Engineers have used human blood to make a 'memristor,' a component that remembers its last use and adapts to it.
The team of engineers, based in India, announced recently that blood is they key to their work on a technology that could revolutionize data storage. So how does the memristor work?
Those even passingly familiar with electronics should find part of the name familiar. It sounds very much like a resistor. A resistor is an part of a circuit put in to resist the flow of electricity. A memristor is a more sophisticated version of a resistor. The first syllable of its name comes from the word 'memory'. Instead of resisting at the same level each time, a memristor resists at a different level each time, depending on the last voltage that was applied to it.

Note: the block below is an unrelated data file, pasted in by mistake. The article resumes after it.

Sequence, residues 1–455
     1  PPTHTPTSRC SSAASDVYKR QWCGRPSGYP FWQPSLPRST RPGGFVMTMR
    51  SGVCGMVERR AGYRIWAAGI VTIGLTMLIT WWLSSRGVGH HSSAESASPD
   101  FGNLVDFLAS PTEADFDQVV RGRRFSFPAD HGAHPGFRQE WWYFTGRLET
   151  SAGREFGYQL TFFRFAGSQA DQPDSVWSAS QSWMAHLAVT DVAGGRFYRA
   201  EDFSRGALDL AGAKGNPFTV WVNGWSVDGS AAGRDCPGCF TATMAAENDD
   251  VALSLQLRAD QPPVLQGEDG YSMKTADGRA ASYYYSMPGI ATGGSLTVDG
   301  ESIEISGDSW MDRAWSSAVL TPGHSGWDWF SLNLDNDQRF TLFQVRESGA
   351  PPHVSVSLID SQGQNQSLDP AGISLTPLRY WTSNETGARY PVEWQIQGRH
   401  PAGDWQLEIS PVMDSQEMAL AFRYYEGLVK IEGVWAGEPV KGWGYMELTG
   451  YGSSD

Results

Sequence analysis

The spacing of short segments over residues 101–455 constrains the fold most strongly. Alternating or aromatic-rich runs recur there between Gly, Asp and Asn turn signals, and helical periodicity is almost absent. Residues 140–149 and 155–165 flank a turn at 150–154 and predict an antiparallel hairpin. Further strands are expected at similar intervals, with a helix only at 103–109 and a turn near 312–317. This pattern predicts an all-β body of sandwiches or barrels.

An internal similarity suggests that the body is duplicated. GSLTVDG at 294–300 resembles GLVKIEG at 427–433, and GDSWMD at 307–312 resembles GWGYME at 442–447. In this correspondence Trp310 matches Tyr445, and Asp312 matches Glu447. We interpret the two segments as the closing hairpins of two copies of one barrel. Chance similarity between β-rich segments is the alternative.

Circuits with a memristor can adapt and change each time a new voltage is applied to them. They can be used in logic circuits and signal processing. Other memristor have been invented - the first one in 2008 - but none before have been, literally, a combination of human and electronic parts. The new memristor's inventors have tested it, successfully, both with tubes full of stationary blood and tubes of flowing blood. Both memristors have the ability to remember the last applied voltage for five minutes.
The same team that invented this new memristor is working on other electronic components that include human bodily fluids. There's no word as to how far their other technologies have developed, but those who want to become cyborgs, please inquire at the Education Campus Changa in Gujarat.